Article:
Phosphate supplements can be used in various formulations (e.g., Joulie solution, magistral or commercially available capsules, effervescent tablets). Choice of formulation should be determined by the affected individual rather than prescriber preference. Vitamin D analogs can be considered as monotherapy in individuals unwilling to take phosphate. Conversely, the use of phosphate without vitamin D is contraindicated, because phosphate without vitamin D analogs worsens secondary hyperparathyroidism.

Side effects of phosphate and calcitriol therapy

  • Gastrointestinal symptoms (diarrhea, cramps, abdominal pain) are the most common side effects of phosphate therapy. Usually, doses are increased gradually in order to reduce gastrointestinal symptoms.
  • Secondary hyperparathyroidism can be aggravated by phosphate therapy. If secondary hyperparathyroidism is identified, the calcitriol dose may be increased (provided blood calcium levels and urinary calcium excretion is normal) and/or the phosphate dose decreased.
    A small clinical trial and several case reports have investigated the use of cinacalcet in adults with XLH who have secondary hyperparathyroidism [Alon et al 2008]. No long-term studies have been conducted. The clinical trial (comprising eight individuals ages six to 19 years) involved inpatient monitoring of phosphate, intact PTH, and tubular resorption of phosphate corrected for glomerular filtration rate (TmP/GFR) after a single dose of cinacalcet; results showed a decrease in intact PTH and an increase in phosphate and TmP/GFR. Another trial with paricalcitol showed it reduced PTH, renal phosphate wasting, and ALP levels, but worsened hypercalciuria [Carpenter et al 2014b]. Given that calcimimetics are associated with a risk of severe side effects such as hypocalcemia and QT interval prolongation, their use should be limited [Haffner et al 2019].
  • Hypercalcemia and hypercalciuria may also complicate long-term treatment for XLH and is associated with high calcitriol doses or tertiary hyperparathyroidism. Serum calcium concentrations and urine calcium-to-creatinine ratio should be monitored (see Surveillance). If hypercalcemia or hypercalciuria is detected, the calcitriol dose should be decreased.
  • Nephrocalcinosis may occur independent of hypercalcemia and hypercalciuria detected on laboratory evaluation. Renal ultrasound examination should be used to monitor for nephrocalcinosis (see Surveillance).
  • Cardiovascular risk factors, particularly arterial hypertension, overweight/obesity with insulin resistance, and metabolic syndrome appear to be more common in children and adults with XLH than in the general population [Zhukouskaya et al 2020, Bloudeau et al 2023]. These associations may be attributed, at least in part, to phosphate therapy (for obesity and particularly arterial hypertension, which might be due to increased sodium intake) [Zhukouskaya et al 2020, Bloudeau et al 2023]. Some studies have reported an increased risk of left ventricular hypertrophy in individuals with XLH [Hernández-Frías et al 2019]. However, other studies have reported no elevated risk of developing hypertension or left ventricular hypertrophy in individuals with XLH [Bouzemane et al 2024].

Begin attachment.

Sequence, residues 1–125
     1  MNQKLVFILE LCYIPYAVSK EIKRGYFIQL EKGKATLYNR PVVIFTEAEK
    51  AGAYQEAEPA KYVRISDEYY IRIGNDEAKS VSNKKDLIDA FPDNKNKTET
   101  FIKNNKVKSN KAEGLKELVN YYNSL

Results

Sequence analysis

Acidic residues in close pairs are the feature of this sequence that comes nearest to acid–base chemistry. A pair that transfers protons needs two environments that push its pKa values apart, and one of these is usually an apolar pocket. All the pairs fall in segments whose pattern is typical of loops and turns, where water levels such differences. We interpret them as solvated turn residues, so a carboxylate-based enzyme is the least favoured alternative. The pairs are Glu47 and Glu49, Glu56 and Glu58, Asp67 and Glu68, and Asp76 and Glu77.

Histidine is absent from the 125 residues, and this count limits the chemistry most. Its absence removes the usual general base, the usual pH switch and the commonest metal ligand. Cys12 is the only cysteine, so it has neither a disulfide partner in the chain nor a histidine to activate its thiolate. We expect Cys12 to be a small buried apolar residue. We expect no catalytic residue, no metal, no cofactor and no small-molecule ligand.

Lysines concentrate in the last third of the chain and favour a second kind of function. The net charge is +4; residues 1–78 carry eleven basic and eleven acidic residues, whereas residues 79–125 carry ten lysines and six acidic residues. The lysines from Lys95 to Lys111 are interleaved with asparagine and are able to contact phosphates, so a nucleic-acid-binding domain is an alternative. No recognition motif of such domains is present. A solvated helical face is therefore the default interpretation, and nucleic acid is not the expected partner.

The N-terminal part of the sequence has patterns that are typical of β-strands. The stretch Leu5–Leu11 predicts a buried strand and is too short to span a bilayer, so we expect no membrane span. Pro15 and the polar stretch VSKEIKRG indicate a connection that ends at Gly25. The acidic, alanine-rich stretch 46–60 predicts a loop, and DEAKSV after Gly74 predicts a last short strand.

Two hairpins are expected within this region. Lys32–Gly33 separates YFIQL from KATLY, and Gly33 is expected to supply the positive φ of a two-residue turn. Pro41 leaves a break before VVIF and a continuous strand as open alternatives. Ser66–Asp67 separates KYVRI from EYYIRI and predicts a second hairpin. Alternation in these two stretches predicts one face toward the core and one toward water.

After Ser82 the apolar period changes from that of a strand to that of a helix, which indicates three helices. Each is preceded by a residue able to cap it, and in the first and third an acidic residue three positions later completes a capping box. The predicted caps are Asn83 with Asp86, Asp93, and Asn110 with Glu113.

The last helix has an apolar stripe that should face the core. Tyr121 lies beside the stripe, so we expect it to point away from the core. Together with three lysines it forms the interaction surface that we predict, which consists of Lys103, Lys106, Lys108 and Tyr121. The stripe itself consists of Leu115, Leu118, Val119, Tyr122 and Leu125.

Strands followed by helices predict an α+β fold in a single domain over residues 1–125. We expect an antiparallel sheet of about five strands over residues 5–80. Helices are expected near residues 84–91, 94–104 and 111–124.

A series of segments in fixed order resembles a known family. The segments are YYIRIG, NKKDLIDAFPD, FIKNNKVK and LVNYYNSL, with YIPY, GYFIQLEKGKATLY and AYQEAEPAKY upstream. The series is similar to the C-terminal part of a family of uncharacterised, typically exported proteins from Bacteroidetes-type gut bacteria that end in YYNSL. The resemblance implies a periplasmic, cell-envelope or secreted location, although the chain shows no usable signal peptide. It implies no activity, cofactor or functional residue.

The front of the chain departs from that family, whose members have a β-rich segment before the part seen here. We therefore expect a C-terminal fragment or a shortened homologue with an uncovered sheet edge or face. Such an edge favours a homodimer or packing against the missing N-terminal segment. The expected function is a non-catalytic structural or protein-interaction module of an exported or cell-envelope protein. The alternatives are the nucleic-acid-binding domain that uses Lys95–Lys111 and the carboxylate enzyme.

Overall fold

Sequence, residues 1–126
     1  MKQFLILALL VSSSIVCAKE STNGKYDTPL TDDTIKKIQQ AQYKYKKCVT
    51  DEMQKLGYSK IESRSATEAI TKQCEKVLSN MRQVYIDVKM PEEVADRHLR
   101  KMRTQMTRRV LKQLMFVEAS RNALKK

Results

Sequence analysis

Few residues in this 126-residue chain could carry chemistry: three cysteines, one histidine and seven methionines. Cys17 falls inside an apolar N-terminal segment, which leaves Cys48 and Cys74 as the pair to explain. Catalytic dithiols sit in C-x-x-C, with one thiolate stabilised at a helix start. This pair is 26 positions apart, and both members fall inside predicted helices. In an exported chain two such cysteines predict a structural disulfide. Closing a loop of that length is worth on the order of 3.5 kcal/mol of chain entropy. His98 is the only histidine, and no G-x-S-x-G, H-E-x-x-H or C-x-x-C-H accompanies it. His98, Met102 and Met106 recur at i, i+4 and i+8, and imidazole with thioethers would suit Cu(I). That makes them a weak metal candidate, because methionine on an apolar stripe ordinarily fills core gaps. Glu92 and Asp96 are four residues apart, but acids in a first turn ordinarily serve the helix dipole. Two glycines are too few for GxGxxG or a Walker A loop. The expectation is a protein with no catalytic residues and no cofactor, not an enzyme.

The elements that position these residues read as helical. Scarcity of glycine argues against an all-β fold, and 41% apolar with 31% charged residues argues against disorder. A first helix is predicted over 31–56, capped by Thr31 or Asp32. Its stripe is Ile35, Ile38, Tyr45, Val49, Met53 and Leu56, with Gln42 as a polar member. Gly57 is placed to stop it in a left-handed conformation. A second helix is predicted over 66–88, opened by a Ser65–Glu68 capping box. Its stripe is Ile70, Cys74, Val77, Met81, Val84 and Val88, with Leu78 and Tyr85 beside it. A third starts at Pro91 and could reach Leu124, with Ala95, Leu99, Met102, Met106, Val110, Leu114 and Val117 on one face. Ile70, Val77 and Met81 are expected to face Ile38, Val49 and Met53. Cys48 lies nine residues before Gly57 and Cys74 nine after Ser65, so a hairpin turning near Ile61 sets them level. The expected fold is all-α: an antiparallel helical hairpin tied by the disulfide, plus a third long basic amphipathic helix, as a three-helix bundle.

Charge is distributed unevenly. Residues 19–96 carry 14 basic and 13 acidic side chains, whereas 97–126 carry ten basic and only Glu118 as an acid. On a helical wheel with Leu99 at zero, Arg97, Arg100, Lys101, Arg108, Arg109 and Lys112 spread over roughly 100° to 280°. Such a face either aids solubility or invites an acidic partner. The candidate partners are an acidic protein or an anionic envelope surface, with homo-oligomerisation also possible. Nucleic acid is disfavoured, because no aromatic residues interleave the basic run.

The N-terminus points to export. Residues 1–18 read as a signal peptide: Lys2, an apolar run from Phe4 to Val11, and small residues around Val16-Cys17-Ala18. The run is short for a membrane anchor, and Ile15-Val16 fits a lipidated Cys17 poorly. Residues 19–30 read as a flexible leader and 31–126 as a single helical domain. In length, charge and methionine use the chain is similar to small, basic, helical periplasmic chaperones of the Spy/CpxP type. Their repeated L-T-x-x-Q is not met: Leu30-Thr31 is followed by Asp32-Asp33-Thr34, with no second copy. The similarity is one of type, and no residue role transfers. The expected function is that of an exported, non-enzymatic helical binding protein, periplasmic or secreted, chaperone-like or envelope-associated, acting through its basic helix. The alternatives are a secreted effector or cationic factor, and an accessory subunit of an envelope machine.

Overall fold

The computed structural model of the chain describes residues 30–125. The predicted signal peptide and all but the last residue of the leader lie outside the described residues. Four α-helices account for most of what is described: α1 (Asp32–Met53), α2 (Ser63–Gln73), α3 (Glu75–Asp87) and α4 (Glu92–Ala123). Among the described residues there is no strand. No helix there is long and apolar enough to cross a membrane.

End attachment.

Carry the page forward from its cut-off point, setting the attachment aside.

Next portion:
• Ectopic calcifications have been reported in individuals on conventional therapy, in the absence of hypercalcemia, hyperphosphatemia, or elevations in the product of calcium x phosphate (phosphocalcic product) [Moltz et al 2001, Arango Sancho 2020].

Supportive Care

Supportive care to improve quality of life, maximize function, and reduce complications is recommended. This ideally involves multidisciplinary care by specialists in relevant fields (see Table 7). Physical exercise is recommended, although no formal recommendations exist [Laurent et al 2021].

Table 7.

X-Linked Hypophosphatemia: Treatment of Manifestations

Craniosynostosis Prompt referral to craniofacial specialist when head shape abnormalities are identified
Lower extremity bowing & torsion

"Guided growth" using stapling or toggle plate insertion in prepubertal children prior to peak growth velocity (generally age <10 yrs)

  • Consider as a minimally invasive method of reversible hemiepiphysiodesis. 1
  • Note: The risk w/this procedure is prematurely stopping growth.
  • Surgical treatment may be used in older children & adults w/misalignment.
  • Treatments may incl distraction osteogenesis (incl Ilizarov surgery) by external fixation, acute correction by external fixation w/intramedullary nailing, internal fixation w/intramedullary nailing, & acute correction by intramedullary nailing.
  • There are no controlled trials of the various surgical techniques; the literature consists of case series. 2
  • Complications of orthopedic surgery are common. 3
Degenerative joint disease Total hip or knee arthroplasty as needed
Musculoskeletal pain
  • Evaluate underlying causes (e.g., osteoarthritis, insufficiency fractures, osteophytes).
  • Rehab, physiotherapy, analgesics (paracetamol/acetaminophen, non-steroidal anti-inflammatory drugs, &/or opioids per standard practices in pain medicine)
  • If tertiary hyperparathyroidism is identified, surgical eval (parathyroidectomy w/ or w/o auto-reimplantation) is warranted.
Hungry bone syndrome w/profound hypocalcemia is a common side effect following parathyroidectomy in persons w/XLH. 4